The Bloomberg Markets team has two more weeks to put the July/August double issue to bed. But if this illustration provided exclusively to FishbowlNY is any indication, Bloomberg’s perennially playful visual approach is already in full bloom for “The Rivalry Issue.”
It started with a challenge from Bloomberg Media chief content officer Josh Tyrangiel to come up with something new and exciting. The result is the first front-to-back themed issue in Bloomberg Markets’ 23-year history.
“When you think about it, everything we cover – finance, business, economics, the markets – it’s all based on competition,” Bloomberg News executive editor and Markets overseer Ron Henkoff tells FishbowlNY via telephone. “It’s all about getting a leg up on each other and trying to be better than each other.”
“Whether it’s a rivalry of economic systems, ideas, people or companies, we set about looking at how we could cover this broad theme in many different ways,” he adds. “And we are doing it on the basis that we cover everything in this magazine – globally.”
Echoing that editorial approach, the video game riff above featuring New York Times columnist Paul Krugman was drawn by Scottish artist Walter Newton. A native of Glasgow, Newton currently lives in Birmingham, England.
Henkoff says there are all sorts of editorial treatments in the issue: standard-length features, shorter items, profiles, graphic novels, timelines and more. Readers can also look forward to pull-quotes sprinkled throughout, featuring people talking about their favorite rivalries and so on.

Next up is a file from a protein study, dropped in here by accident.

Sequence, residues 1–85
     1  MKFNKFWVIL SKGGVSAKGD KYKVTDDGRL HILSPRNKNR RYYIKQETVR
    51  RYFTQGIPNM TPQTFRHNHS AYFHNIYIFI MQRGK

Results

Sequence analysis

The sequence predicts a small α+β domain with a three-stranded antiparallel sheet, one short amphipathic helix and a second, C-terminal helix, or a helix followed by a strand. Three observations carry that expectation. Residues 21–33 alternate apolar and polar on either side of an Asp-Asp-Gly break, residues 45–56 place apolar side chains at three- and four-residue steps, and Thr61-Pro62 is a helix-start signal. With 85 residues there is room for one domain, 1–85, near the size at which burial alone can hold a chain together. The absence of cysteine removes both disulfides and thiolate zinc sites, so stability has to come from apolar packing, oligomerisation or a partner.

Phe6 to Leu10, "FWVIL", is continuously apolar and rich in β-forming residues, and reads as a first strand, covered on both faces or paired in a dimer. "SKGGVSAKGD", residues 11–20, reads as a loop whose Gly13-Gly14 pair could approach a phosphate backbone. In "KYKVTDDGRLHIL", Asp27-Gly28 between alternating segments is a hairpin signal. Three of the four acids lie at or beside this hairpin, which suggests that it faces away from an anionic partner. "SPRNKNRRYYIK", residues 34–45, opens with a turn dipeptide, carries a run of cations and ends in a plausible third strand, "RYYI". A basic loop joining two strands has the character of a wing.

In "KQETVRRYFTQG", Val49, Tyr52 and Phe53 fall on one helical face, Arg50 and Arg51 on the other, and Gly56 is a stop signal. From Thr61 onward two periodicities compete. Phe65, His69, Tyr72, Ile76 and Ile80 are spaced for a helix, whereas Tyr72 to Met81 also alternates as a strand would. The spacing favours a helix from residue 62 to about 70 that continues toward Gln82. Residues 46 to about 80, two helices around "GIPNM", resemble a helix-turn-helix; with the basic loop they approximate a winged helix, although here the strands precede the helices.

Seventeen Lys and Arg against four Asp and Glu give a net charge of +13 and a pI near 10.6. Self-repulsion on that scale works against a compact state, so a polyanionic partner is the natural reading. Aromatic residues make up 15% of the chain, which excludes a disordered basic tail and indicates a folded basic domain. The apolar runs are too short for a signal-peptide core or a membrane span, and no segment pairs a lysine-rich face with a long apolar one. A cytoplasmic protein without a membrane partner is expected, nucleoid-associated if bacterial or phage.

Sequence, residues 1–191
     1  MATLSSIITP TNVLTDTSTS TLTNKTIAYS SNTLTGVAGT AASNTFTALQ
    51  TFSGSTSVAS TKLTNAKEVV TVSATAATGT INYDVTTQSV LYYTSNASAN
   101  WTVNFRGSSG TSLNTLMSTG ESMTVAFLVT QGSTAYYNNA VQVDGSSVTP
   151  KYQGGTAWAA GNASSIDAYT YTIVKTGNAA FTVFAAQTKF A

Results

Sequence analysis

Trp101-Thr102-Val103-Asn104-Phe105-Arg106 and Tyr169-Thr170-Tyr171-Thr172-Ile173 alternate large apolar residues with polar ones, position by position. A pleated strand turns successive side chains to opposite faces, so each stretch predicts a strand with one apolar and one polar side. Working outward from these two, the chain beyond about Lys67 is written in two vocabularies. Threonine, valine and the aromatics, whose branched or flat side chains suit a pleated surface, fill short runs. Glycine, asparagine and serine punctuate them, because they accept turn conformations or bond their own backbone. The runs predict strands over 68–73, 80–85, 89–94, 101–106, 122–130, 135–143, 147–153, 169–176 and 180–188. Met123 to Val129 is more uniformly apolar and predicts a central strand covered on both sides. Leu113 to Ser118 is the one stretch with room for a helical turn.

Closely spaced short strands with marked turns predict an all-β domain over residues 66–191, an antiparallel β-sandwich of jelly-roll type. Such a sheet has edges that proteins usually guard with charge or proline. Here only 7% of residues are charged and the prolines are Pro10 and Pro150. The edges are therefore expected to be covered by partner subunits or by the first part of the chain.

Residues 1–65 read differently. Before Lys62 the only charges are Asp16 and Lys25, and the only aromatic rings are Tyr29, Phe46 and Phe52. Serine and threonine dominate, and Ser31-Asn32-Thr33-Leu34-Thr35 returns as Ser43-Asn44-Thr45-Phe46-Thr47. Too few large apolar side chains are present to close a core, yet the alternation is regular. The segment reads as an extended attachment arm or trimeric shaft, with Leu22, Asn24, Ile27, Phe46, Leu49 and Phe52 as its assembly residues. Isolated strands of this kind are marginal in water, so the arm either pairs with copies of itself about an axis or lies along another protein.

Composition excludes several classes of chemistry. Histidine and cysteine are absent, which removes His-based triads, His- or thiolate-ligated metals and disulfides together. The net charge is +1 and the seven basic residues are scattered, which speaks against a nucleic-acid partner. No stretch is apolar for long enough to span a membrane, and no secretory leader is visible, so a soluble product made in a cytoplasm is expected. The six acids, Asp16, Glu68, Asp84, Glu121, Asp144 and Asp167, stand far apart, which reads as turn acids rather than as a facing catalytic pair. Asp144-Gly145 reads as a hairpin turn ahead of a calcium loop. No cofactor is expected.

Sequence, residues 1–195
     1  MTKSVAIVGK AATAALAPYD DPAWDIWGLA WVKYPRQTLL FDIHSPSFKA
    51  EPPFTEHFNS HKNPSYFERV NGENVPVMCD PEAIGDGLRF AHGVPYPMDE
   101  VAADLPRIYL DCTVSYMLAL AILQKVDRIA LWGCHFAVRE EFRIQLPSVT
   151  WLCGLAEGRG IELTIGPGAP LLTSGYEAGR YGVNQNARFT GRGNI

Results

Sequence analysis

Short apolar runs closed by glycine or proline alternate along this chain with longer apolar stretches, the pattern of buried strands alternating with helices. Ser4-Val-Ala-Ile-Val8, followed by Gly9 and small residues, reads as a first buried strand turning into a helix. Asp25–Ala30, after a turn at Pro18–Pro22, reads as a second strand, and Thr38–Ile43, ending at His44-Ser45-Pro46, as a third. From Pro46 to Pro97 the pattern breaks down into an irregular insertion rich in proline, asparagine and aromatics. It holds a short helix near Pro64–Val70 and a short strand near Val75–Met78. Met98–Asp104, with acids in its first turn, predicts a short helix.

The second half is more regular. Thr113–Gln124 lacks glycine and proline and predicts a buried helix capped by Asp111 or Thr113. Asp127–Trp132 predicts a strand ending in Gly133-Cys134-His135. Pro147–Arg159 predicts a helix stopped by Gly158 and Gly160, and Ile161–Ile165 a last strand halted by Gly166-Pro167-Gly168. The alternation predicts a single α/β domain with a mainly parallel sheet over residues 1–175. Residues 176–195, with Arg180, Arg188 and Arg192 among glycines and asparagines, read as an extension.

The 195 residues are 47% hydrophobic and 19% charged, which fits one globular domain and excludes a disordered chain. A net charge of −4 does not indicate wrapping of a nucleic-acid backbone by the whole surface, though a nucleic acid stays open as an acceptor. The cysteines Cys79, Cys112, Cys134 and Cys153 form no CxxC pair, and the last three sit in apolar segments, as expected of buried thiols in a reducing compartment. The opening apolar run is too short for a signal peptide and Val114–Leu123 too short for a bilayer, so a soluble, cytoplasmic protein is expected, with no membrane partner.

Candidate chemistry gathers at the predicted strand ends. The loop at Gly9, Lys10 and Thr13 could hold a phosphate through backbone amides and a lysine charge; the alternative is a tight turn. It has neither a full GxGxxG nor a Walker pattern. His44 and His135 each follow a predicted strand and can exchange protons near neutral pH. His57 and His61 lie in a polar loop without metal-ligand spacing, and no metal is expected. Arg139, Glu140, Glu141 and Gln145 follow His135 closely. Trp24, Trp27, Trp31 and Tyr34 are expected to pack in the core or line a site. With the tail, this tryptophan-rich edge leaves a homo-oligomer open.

“We are having a lot of fun with this,” enthuses Henkoff, a Boston native and Red Sox fan who is well-acquainted with one particular sports rivalry. The July/August issue cover is still being finalized; there will also be a component produced by Bloomberg TV.
Henkoff says the Newton illustration is a perfect example of how the issue is trying to capture and treat complicated subject matter. “Krugman been harping for years on how the European Union and the Euro zone have just got it all wrong by forcing countries like Greece to pour on very tight economic austerity,” he explains. “And so, we call this Krugman vs. The Austerians, which is an actual term. He didn’t coin it; someone else coined it.”
“He’s battling all these people – cabinet ministers, other newspaper columnists, other economists. It’s all about the war of words between him and almost everybody else. It’s a very serious topic, with the future of the European Union at stake. But we’re also showing the very human sides to these kinds of struggles.”